First Time Entrepreneur? Don't get Burned by these 9 Business Mistakes

Some of the most successful entrepreneurs in today’s business world started at a young age. Silicon Valley is filled with 20-something founders hoping to grow their startups into the next global phenomenon.

As a result, entrepreneurs are starting their own businesses earlier than ever before. While this can be a good thing, it has also led to more than a few unnecessary failures. In some cases, the timing of the idea wasn’t quite right. But in many cases, company failures are more closely related to missteps on the founder’s part. Here are nine common mistakes that any entrepreneur should avoid in starting a new business:

Failure to plan

When an entrepreneur sets out to start a business, but doesn’t even have an idea yet, he’s already committing his first fatal mistake. The idea should come first, followed by the determination to form a business around it. Merely starting a business for the sake of being known as a “startup founder” is usually a direct route to failure.

All talk, no action

Many people know someone who seems to have great business ideas, but never follows through on any of them. You’ve possibly been stuck talking to a person like that at a networking event. Don’t be that guy. Instead of putting your energy into telling the world about your great idea, use it to actually make a business out of that idea.

Never asking for help

Even the most hard-working entrepreneur needs help getting his idea off the ground. Whether it means outsourcing administrative tasks to online freelancers or seeking the advice of a mentor, it’s important that founders get help while building their businesses. Trying to do it all alone means you’ll spend far too much time on activities that aren’t as effective in helping the company grow.


Building a successful business takes time and, along the way, there will likely be instances when failure seems certain. Entrepreneurs who succeed have the patience necessary to keep pushing through those long periods of non-growth and eventually find success. Experienced business owners realize that it may take several failures before a product change helps it find an audience and achieve success.

Hiring friends

Some of the best startups began as a joint venture between friends. As inspiring as those stories are, when an entrepreneur hires his friends, he often overlooks necessary skillsets in favor of working with someone he already knows. Friend or stranger, entrepreneurs should carefully review resumes and choose new team members based objectively on factors like skills, abilities, and culture fit.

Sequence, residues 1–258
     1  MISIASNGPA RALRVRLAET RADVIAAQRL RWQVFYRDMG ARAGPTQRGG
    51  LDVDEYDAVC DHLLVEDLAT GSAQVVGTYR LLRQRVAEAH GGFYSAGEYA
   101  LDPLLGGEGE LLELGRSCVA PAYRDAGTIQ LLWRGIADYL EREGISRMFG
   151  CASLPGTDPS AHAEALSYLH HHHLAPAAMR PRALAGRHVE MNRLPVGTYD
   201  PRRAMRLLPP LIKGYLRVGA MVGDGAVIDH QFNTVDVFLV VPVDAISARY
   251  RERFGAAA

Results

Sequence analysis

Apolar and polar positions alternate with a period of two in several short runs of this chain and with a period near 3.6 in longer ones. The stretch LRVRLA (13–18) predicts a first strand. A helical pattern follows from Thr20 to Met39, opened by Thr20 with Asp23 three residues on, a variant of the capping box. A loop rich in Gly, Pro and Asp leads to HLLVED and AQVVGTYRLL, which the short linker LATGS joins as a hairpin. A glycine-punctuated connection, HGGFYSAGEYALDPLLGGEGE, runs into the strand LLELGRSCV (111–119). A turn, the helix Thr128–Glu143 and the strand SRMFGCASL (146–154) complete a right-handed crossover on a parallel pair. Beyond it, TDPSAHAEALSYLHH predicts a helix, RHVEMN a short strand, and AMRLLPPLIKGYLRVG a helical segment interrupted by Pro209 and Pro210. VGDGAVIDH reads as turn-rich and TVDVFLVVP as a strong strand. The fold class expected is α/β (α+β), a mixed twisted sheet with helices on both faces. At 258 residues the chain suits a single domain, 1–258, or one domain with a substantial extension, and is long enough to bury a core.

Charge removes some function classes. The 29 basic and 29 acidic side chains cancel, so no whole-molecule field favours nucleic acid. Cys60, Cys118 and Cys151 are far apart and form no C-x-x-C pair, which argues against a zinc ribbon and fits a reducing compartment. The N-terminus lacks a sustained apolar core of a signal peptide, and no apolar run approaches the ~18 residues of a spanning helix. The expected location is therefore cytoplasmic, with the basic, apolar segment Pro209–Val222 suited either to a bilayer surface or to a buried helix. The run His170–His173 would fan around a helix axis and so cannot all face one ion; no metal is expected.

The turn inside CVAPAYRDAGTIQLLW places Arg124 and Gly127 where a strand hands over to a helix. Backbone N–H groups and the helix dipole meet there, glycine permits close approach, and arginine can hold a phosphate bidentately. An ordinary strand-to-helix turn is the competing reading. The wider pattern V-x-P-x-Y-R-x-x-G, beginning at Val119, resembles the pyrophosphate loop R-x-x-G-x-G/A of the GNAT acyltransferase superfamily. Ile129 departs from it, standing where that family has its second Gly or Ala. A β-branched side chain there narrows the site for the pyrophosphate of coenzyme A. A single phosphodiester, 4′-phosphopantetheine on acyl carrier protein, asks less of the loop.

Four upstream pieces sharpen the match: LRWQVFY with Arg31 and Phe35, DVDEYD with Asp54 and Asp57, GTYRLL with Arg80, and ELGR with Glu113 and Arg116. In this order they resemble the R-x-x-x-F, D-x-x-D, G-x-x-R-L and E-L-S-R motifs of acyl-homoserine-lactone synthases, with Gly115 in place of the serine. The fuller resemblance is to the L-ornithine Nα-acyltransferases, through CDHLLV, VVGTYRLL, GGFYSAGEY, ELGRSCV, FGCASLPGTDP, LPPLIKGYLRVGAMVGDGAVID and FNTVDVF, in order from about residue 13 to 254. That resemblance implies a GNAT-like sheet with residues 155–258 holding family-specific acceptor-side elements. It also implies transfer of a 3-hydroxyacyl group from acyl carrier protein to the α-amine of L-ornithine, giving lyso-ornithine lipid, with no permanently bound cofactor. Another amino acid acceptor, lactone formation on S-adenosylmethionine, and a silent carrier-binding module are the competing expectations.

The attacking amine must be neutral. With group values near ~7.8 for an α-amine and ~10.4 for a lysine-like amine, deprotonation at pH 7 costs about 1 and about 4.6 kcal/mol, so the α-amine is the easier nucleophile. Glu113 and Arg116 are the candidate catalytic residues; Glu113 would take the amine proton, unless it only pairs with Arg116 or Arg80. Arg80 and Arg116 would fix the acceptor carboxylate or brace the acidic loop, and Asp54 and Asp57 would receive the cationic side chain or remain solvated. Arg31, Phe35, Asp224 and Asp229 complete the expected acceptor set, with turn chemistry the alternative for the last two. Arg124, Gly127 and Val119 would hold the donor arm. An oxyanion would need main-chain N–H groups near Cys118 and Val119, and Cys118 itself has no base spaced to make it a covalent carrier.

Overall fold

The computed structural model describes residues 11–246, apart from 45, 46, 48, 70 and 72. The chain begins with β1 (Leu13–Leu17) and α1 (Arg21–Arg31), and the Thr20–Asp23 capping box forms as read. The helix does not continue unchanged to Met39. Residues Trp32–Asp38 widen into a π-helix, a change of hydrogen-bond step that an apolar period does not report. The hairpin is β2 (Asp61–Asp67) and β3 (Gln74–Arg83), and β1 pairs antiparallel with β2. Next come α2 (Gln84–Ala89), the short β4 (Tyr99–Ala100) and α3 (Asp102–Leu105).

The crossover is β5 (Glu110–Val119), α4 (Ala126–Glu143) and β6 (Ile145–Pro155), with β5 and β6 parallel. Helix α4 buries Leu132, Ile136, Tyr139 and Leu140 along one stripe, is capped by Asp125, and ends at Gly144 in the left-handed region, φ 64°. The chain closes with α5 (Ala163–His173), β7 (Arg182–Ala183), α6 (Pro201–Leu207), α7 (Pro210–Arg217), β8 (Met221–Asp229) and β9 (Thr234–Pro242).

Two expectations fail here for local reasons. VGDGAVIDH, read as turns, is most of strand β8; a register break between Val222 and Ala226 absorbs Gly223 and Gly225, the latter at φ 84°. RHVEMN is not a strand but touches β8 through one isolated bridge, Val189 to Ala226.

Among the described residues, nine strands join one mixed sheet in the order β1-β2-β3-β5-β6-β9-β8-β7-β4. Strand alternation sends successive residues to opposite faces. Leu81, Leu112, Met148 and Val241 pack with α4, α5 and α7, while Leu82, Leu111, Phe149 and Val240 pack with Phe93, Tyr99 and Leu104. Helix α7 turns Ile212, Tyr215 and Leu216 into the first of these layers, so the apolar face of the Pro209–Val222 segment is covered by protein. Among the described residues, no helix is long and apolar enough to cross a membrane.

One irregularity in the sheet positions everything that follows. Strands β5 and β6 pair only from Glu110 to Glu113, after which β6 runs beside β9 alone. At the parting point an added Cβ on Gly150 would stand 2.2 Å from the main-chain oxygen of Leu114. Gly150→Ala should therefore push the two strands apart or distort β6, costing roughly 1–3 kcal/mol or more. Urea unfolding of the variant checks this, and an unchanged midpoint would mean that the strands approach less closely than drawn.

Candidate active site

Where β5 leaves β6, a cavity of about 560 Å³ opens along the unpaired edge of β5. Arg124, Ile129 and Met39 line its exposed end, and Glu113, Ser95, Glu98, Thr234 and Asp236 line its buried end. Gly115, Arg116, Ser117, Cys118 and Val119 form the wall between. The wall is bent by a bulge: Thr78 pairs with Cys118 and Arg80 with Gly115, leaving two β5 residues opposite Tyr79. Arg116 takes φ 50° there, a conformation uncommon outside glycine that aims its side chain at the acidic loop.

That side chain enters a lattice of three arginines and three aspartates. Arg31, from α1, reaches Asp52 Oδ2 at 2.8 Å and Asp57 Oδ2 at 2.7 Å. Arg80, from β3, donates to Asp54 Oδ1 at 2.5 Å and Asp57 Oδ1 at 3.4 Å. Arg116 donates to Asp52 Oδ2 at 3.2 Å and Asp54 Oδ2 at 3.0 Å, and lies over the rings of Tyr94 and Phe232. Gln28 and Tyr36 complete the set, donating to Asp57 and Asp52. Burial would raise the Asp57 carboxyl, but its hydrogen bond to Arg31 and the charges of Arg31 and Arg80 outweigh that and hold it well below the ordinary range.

Forgetting about the customer

It’s all about the customer. Whatever product or service you’re working hard to bring to market, if you forget that fact, you lose sight of what’s important. A successful entrepreneur always puts the customer first, developing and refining his product based on the feedback he gets from customers in his target demographic.

Fearing theft

In today’s competitive marketplace, ideas can often seem like hot commodities. Many founders are paranoid about letting others know what they’re planning because they’re sure someone will steal the idea and use it to form a competing business. This fear can hold a young entrepreneur back from essential steps in early-stage startup efforts, including testing the product or seeking funding. Chances are, your business partners, potential investors, and friends won’t want to put the effort into starting a business based on your idea, so don’t let fear keep you from telling others about your great new venture.

Lacking sales ability

You can have the best product or service on the market, but if you can’t convince others of that fact, you won’t get far. The ability to pitch your ideas and conduct interesting, effective presentations is essential to growing your business. If you’re uncomfortable with this aspect of business ownership, consider joining a group like Toastmasters or taking a college course in public speaking.


No matter how much time and effort you put into your business, it will never be perfect. There will always be small improvements you can make or bugs you need to fix. Instead of spending years refining your product, set a hard-and-fast launch date and force yourself to stick to it. Conduct thorough user testing to make sure your offerings are ready to launch and accept the fact that you’ll likely spend the days following your launch making slight tweaks.

For young entrepreneurs, the market is wide open for great business ideas and innovations. By avoiding common mistakes and pursuing your goals passionately, you can form a successful startup at any age.


This post was featured on Fortune's Entrepreneur Insiders column.